Tag Archives: invasive
Lake Superior, the location of the 9th International Charr Symposium (Image Credit: Wikipedia Commons)
This week I’ve been lucky enough to represent NTNU at the 9th International Charr Symposium in Duluth, Minnesota, a conference focussing on one of my focal species in the genus Salvelinus. Conferences are like this are great for soaking in a swathe of alternative perspectives, so I thought I’d share a few thoughts from day one of the symposium, including a sign of success, one of innovation, and another of hope.
Building on last week’s article on defining invasive and alien species as well as the work of Professor Mark Davis, I am going to do the unimaginable for an ecologist and argue that maybe alien species aren’t always a bad thing. I want to emphasize that maintaining biodiversity is essential, but maybe we should focus on the role of species in their environment rather than their place of origin.
The European Perch, brought for angling by earlier settlers, has had severe effects on a number of native Australian fish (Image Credit: Wikipedia Commons)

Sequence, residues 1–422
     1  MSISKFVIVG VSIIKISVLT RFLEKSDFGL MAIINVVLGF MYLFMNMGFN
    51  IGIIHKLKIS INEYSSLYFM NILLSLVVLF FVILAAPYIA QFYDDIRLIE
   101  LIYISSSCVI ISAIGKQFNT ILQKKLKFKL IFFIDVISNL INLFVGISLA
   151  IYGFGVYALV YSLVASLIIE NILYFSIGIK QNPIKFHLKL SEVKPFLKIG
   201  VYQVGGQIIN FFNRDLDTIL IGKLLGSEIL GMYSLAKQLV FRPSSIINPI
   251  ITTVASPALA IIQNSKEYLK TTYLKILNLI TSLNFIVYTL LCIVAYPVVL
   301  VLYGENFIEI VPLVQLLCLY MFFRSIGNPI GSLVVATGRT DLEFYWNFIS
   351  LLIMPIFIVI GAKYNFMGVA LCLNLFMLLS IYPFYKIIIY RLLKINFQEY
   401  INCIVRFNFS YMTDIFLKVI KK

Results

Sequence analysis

Transport pathways shape the biogeography of alien freshwater fishes in Australia (2018) Garcia-Diaz et al., Biodiversity Research, DOI: 10.1111/ddi.12777
Invasive species are a problem in every type of ecosystem, be it by reduction of local diversity, or negative effects on a region’s economy or human health. Freshwater rivers and lakes are no exceptions to this. Invasive fish have impacts on local habitats which include outcompeting or just flat out eating local species, changing a habitat’s entire structure (say by clearing away aquatic vegetation or increasing pH levels) and the reorganisation of the entire population of a lake or river, from the birds that nest on the shoreline to the tiny planktonic species that are the base food source of the entire ecosystem. Once an invasive species is established, it can be impossible to remove.
So naturally, understanding where and how invasive species are likely to strike is of huge benefit. This paper tries to map that out, using Australia as a case study. It’s a great example; Australia has a long history with invasive species, and this study alone looks at 33 different types of invasive fish.
The Sitka Spruce was introduced by the timber industry, and now covers almost 5 million hectares in Norway (Image Credit: Paul Harald Pedersen, Fylkesmannen in Nord-Trøndelag, CC BY 4.0 )Tanja Petersen